The researchers concluded that self-esteem plays a significant role in learners academic success. It was also concluded that loneliness and self-esteem are not associated with the social presence in blended distance learning environments.
Panicker, J. A. Y. A. S. H. R. E. E., & Sachdev, R. (2014). Relations among loneliness, depression, anxiety, stress and problematic internet use. International Journal of Research in Applied, Natural, and Social Sciences, 2(9), 1-10.
What is the relationship between depression, anxiety, loneliness, and stress variables associated Problematic Internet Use?
Does Problematic Internet Use among students significant gender differences?
The research participants consisted of 84 students taking science courses in junior colleges in Ulhasnagar. 59 of the participants were Males while 25 were females.
The design of the study was quantitative descriptive design.
The measures included Depression, Anxiety and Stress Scale, UCLA Loneliness Scale, and Online Cognition Scale.
The psychological variables like loneliness were found to be associated with problematic internet use.
Caputo, A. (2015). The Relationship Between Gratitude and Loneliness: The Potential Benefits of Gratitude for Promoting Social Bonds. Europe's Journal of Psychology, 11(2), 323.
What is the relationship between loneliness, social desirability, life satisfaction, gratitude, and subjective happiness?
A participants comprised of 197 participants.
An online survey design was used.
The measures consisted of Three-Item Loneliness Scale, Gratitude Questionnaire-Six-Item Form, Marlowe-Crowne Social Desirability Scale, Subjective Happiness Scale, and global life satisfaction scale.
Gender differences in loneliness indicate that women have a higher vulnerability to loneliness than men. Therefore, women thinking about the world may depend on how they are socially connected with others.
Bonetti, L., Campbell, M. A., & Gilmore, L. (2010). The relationship of loneliness and social anxiety with children's and adolescents' online communication. Cyberpsychology, Behavior, and Social Networking, 13(3), 279-285.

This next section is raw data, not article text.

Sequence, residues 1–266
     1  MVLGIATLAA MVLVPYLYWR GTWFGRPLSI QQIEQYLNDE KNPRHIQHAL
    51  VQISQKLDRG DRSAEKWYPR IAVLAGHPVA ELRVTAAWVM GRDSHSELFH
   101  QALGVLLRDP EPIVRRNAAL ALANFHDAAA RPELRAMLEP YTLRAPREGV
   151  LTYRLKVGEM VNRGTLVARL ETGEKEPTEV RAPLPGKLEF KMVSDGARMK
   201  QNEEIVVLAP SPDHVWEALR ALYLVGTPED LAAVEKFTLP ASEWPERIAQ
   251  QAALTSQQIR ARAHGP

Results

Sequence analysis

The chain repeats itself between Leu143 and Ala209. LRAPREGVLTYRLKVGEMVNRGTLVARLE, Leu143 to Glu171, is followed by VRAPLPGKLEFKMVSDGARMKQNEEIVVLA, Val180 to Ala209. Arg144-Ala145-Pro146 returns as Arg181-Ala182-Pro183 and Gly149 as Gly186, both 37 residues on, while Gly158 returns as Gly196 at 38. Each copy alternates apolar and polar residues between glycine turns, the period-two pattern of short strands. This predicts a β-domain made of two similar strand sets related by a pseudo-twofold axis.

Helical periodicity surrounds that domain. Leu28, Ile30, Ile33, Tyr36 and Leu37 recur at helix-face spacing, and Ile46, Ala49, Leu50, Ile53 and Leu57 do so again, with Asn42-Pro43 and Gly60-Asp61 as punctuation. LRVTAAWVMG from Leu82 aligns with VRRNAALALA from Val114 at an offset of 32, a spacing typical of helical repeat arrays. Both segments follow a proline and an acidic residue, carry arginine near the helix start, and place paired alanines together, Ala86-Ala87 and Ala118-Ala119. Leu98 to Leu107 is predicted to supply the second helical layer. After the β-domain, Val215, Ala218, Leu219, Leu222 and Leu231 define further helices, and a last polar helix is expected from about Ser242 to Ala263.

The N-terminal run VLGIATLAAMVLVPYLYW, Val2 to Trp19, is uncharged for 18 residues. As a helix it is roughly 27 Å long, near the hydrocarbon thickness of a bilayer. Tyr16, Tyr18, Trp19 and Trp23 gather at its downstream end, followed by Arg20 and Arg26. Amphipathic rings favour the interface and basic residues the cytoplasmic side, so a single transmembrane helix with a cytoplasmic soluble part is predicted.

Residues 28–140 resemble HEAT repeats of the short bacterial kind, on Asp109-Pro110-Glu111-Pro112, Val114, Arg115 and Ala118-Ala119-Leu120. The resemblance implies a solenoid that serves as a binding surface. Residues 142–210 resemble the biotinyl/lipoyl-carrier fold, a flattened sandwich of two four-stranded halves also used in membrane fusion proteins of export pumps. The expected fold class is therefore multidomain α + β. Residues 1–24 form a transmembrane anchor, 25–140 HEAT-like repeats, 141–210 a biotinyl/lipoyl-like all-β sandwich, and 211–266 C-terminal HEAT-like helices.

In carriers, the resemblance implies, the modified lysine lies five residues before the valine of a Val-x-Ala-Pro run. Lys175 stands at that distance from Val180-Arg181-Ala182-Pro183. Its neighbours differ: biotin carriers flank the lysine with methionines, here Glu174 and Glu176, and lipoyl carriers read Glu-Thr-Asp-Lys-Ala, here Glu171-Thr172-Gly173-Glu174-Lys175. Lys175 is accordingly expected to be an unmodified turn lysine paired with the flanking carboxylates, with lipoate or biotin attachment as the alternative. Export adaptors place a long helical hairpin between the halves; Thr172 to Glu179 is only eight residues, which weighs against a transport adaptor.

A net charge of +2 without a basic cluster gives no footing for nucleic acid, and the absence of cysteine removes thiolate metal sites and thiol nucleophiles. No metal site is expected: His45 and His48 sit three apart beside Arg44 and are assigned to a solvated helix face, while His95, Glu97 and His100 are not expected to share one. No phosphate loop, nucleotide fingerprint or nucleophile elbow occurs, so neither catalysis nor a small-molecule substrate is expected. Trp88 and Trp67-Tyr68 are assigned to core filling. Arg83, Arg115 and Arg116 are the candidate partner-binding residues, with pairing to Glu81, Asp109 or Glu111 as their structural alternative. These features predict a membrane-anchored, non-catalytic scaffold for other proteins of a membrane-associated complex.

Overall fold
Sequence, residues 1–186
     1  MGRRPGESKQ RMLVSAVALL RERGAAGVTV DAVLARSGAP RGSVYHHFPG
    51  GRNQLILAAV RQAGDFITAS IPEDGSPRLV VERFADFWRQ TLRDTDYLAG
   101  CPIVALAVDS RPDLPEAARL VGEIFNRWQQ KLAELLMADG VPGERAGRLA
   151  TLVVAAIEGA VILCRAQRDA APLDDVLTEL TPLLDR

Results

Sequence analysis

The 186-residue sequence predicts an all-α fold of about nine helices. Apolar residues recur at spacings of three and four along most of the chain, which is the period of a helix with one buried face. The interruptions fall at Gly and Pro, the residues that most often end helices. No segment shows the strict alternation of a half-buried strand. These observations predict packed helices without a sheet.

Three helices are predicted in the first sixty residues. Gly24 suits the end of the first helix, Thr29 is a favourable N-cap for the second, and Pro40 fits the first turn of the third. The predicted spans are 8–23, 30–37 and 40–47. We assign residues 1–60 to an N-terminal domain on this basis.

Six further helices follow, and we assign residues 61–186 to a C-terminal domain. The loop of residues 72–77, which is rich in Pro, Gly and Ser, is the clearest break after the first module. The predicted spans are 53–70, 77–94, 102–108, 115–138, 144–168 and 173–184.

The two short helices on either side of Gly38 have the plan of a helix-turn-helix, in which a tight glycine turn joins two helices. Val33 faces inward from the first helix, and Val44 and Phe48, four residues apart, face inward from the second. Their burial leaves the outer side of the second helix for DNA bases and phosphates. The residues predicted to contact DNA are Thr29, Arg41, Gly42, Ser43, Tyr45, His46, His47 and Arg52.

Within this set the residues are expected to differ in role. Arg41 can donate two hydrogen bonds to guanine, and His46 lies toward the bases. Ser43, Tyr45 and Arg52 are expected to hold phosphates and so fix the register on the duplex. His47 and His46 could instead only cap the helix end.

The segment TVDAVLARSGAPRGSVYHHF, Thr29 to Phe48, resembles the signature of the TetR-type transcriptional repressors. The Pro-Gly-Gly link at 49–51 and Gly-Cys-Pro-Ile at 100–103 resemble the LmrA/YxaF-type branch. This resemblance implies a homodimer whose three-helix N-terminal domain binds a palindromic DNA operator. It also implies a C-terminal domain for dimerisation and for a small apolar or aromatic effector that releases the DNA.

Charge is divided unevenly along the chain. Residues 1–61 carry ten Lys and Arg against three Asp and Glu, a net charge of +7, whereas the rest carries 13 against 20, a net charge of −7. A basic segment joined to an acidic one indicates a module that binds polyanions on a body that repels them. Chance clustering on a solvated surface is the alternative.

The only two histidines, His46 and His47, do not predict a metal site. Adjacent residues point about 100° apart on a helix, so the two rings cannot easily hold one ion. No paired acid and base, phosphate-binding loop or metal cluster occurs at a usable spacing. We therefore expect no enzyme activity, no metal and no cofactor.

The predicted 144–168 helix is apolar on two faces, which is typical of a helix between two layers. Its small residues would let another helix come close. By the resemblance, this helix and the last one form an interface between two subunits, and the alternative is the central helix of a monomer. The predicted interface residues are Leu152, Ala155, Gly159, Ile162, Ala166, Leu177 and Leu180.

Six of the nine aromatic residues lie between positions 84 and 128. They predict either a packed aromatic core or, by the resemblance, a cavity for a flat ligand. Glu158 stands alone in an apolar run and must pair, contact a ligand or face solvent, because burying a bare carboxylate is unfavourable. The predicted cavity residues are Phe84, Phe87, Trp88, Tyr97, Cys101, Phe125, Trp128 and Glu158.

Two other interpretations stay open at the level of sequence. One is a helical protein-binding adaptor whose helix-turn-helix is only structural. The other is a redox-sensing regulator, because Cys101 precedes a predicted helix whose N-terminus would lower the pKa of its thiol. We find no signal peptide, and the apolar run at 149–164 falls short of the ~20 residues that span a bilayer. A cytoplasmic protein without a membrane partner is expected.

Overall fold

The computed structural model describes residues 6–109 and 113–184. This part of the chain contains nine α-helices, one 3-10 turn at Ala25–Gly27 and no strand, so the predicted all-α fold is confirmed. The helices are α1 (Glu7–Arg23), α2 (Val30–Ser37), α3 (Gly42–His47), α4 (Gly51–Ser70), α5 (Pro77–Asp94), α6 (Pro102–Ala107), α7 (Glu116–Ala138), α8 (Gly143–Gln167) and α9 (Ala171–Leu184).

What are the age differences in the use of online communication among children and adolescents?
Does gender differences exist in the use of online communication among children and adolescents?
The participants comprised of 626 students aged between 10 and 16.
The design used was a cross-sectional survey.
The measures consisted of UCLA loneliness scale and Social Anxiety Scale.
The lonely used patterns of online communication that are distinct from those who did not report being lonely.
Dempsey, L. (2012). Does Loneliness Moderate the Relations Between Interpersonal Events and Affect, Stress, Enjoyment, and Bodily Pain? (Doctoral dissertation, Arizona State University).
The hypotheses for the study were:
The positive affect and enjoyment appraisals of lonely individuals resulting from the positive interpersonal event will differ from those of non-lonely people.
The researcher also predicted a diminished positive affect and enjoyment following positive events during lonely episodes across all participants.
The participants consisted of 123 chronic pain patients.
The design used was multilevel modelling design.
The measures used included Positive and Negative Affect Schedule scale and Inventory of Small Life Events scale.
The results of the study reveal that lonely individuals and those experiencing lonely episodes have more negative consequences in their lives compared to those who are not lonely.